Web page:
Do more nuclear weapons make the world a safer place? Since 1945, nuclear weapons have underpinned the global balance of power. This episode explores the development and practice of nuclear deterrence.
Foundation of Nuclear Deterrence
Developed in the Cold War, the Mutually Assured Destruction (MAD) doctrine is the foundation of nuclear deterrence theory. MAD is the concept that two nuclear-armed nations will not strike each other under the understanding that nuclear war would annihilate both nations.
MAD only works if both sides can withstand a nuclear strike and then strike back. Both sides must possess a credible threat – both the capability and willingness to strike back. But even under the relative stability of MAD, nations are still subject miscalculations and mistakes when interpreting the adversary’s intentions, which could lead to escalation and nuclear warfare.
Nuclear Deterrence in a Multi-Polar World
As nuclear technology spread, nations adopted different policies to confront their specific geopolitical situations. China developed its nuclear arsenal in the 1960s with the understanding it could not match the United States or Soviet Union in their nuclear arms race. Instead, it advanced a minimal deterrent strategy, which used a smaller number of nuclear weapons to threaten the “lowest level of damage” necessary to deter attack.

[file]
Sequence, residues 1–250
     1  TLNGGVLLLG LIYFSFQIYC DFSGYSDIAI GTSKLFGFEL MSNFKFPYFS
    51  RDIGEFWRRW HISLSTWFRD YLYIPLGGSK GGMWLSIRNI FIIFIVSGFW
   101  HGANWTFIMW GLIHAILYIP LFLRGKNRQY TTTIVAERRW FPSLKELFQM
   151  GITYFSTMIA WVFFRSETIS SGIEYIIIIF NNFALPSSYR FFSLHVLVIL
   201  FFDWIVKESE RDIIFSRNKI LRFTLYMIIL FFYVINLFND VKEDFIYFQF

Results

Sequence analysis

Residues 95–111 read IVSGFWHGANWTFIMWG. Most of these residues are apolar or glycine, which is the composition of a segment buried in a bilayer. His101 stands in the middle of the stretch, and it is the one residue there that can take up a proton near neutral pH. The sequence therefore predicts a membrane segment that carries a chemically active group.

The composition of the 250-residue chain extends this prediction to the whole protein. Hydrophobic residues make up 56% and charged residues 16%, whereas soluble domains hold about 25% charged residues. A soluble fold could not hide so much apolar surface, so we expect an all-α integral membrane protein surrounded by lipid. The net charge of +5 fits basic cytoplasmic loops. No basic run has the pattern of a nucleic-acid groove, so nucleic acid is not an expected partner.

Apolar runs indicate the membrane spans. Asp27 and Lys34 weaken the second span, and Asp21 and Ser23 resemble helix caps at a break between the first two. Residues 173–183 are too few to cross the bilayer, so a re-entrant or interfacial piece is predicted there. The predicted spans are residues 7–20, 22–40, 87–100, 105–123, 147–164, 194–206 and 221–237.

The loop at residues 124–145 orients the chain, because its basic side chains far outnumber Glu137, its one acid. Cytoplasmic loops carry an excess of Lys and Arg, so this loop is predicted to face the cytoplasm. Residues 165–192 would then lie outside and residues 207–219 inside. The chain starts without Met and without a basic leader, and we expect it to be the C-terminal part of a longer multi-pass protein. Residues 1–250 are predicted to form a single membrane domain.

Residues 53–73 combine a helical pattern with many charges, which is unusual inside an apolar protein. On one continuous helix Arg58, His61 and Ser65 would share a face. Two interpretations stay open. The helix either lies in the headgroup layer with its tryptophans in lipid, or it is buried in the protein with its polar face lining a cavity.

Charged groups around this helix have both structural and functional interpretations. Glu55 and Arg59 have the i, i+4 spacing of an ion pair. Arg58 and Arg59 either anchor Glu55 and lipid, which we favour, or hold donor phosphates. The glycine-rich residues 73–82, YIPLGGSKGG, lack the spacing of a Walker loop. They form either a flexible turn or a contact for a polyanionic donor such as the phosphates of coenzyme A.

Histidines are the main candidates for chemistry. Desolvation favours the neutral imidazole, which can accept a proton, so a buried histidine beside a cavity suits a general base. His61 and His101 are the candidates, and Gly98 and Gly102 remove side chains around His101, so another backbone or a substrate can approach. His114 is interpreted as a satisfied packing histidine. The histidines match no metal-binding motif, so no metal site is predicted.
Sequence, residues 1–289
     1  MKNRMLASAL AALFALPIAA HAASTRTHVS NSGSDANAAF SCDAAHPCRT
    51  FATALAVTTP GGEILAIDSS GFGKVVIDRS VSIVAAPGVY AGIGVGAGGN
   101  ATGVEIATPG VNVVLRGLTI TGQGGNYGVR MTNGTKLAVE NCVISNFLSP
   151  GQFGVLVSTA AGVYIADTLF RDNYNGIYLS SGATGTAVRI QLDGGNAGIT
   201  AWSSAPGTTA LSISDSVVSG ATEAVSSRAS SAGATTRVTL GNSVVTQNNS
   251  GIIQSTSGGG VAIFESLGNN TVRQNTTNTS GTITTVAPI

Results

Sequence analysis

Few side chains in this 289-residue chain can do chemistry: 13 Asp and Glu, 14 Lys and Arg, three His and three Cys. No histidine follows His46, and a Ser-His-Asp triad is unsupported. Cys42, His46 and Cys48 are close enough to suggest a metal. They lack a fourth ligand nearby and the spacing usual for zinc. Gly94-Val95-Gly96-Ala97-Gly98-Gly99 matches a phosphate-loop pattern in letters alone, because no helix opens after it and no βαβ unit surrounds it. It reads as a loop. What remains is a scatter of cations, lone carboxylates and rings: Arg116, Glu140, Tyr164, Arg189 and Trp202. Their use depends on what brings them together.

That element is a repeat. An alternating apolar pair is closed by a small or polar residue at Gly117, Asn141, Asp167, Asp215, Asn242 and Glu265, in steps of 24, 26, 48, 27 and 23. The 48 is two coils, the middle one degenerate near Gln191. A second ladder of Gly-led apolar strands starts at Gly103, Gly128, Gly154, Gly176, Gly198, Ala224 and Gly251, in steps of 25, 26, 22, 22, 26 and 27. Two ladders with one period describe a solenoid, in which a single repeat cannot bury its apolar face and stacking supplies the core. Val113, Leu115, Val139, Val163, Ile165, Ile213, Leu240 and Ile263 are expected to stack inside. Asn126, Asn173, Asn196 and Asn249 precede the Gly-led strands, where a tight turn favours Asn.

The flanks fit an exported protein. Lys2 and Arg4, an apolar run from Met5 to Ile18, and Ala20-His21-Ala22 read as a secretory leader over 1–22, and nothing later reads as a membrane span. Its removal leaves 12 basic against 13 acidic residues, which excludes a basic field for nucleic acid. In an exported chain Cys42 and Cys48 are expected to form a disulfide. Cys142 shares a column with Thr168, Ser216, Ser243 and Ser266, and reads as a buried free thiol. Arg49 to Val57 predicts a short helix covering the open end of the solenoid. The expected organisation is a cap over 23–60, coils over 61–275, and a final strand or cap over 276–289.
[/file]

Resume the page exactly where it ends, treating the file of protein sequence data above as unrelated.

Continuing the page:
Pakistan and India face bipolar nuclear tensions. Both countries began developing and testing nuclear weapons in the 1970s, and even demonstrated capabilities in the 1990s. Although they exist in a multipolar world, their nuclear strategies only seek to deter each other.
Want to dive deeper into nuclear deterrence? Check out these articles:
- The indelicate balance of nuclear modernization, Adam Mount, The Bulletin
- Trump’s Nuclear Deterrence Challenge, Franklin Miller and Keith Payne, Wall Street Journal
- Careful, we might nuke you: The consequences of rejecting a nuclear no-first-use pledge, James Doyle, The Bulletin